Heat and humidity have settled in for the week, and severe storms are rumbling around just to our south. The Air Conditioning in our office is overwhelmed and the office is steamy. In the fields, many species of wildflowers are blooming. This is high summer in Vermont.
One of the plants that came into bloom this week is St. John’s Wort, a traditional marker of mid-summer as it is often abundant in late July. It has an extensive history of use as a medicinal plant in Europe and North America. The milkweed and mullein are also blooming. Milkweed is the prime food for Monarch butterflies, and it’s decline in much of North America has been linked to the decimation of Monarch populations. Increasingly, we see milkweed being added to local perennial gardens.
I’ve been thinking about the many ways that, for Indigenous people, the ecological is both spiritual and political. We arose from the land; one can say the landscape sang us into being. We came into this new world through springs, caves, or other exits from the interior. We are made of the soil, water, and air of our birthplaces, and of the places we now reside. We cannot separate ourselves from the landscapes we inhabit. We are every plant, animal, rock, or weather that lives here, that has abode in this place. It has been so for many thousands of years.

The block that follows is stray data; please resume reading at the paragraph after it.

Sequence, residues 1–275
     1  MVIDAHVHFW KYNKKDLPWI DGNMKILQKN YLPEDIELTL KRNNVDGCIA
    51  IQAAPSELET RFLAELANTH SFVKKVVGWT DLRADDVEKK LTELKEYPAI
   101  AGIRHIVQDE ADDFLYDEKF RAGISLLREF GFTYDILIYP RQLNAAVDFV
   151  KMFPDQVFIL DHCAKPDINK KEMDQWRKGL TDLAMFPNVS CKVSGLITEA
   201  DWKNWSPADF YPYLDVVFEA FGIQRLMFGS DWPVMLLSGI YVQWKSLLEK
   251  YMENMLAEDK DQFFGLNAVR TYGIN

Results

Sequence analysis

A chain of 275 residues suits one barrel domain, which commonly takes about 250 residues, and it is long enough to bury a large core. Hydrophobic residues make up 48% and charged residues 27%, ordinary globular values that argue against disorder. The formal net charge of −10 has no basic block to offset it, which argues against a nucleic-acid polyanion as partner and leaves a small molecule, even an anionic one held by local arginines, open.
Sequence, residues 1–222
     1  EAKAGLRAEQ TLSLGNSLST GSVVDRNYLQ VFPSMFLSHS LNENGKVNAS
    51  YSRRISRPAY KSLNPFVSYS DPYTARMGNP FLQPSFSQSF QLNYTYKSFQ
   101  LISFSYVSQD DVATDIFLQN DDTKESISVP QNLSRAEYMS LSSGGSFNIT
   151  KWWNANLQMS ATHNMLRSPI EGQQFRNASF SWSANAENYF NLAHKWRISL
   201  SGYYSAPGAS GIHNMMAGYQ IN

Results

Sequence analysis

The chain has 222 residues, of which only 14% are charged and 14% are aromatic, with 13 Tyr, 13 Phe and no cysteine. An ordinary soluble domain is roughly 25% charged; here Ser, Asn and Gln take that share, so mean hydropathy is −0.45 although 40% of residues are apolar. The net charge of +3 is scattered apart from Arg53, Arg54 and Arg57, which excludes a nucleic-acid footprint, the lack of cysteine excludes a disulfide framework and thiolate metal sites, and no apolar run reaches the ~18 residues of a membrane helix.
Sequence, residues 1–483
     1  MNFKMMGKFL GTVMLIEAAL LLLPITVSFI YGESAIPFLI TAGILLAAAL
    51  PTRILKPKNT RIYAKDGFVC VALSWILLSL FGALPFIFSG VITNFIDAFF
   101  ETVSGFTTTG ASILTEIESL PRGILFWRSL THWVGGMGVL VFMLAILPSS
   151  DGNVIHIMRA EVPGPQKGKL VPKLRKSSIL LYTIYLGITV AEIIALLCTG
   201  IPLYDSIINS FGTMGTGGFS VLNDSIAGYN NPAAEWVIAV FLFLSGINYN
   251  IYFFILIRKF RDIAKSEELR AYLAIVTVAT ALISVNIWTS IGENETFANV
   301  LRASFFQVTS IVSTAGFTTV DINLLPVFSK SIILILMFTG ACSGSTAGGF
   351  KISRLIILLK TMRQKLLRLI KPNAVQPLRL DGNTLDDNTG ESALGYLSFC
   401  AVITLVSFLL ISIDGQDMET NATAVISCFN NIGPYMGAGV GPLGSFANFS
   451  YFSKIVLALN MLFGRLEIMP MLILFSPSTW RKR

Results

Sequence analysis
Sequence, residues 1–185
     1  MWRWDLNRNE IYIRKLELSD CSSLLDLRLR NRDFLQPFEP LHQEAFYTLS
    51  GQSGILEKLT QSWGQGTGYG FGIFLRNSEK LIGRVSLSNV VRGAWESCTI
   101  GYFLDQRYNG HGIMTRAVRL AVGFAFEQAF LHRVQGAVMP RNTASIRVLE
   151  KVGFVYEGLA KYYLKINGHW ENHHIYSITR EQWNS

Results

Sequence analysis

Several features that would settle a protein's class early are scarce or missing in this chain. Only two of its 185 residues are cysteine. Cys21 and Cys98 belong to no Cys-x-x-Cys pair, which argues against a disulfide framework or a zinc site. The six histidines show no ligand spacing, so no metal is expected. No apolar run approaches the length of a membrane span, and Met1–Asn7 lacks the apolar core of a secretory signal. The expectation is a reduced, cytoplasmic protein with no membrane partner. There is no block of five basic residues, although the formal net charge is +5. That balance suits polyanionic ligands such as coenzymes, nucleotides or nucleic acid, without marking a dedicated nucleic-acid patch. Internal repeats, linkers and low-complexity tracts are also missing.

At the same time, we are separate beings, each with our own path and destiny. We each, every single being and landscape, desire our lives; we want to live. We are united by interconnected molecules and by our hunger for life. We are each priceless, and to take a life is an act of great importance. That mosquito I swatted last night desires life as fiercely as do I.
We live in a time when people prefer to forget our interdependence with all creation. We imagine our extirpation of hundreds of thousands of species has no effect on us. Yet we also know deep within ourselves that a world without Monarchs, or song birds, or bees, is a world filled with grief. We know our lives are reduced by the death of each species, our knowledge and experience of kinship and companionship diminished. I have witnessed the erosion of our relational world in my lifetime, and in my children’s lifetimes.
Given this, one must not be surprised when Indigenous people around the world stand up to corporate and governmental attempts to steal Native lands and destroy whole ecosystems. The destruction of the Earth is a direct assault on Indigenous people. The Earth is our mother and our church. The great weathers are kindred spirits. The plants and animals are our soul partners, holding equal right to life and happiness. We realize that to take another life, even out of necessity, has import. Destroying entire species and ecosystems is evil.
Where an Indigenous person stands is sacred, because all Earth is scared. Yet it is also true that for each tribe or band, some places are more sacred than others. Our lives, our spirituality, and the stories and ancestors that make us who we are arose from our sacred landscapes. This is simply the way it is. We desire to honor our Mother Earth and the sacred places of all people. This remains a spiritual task, and in a world of greed, a political and cultural necessity.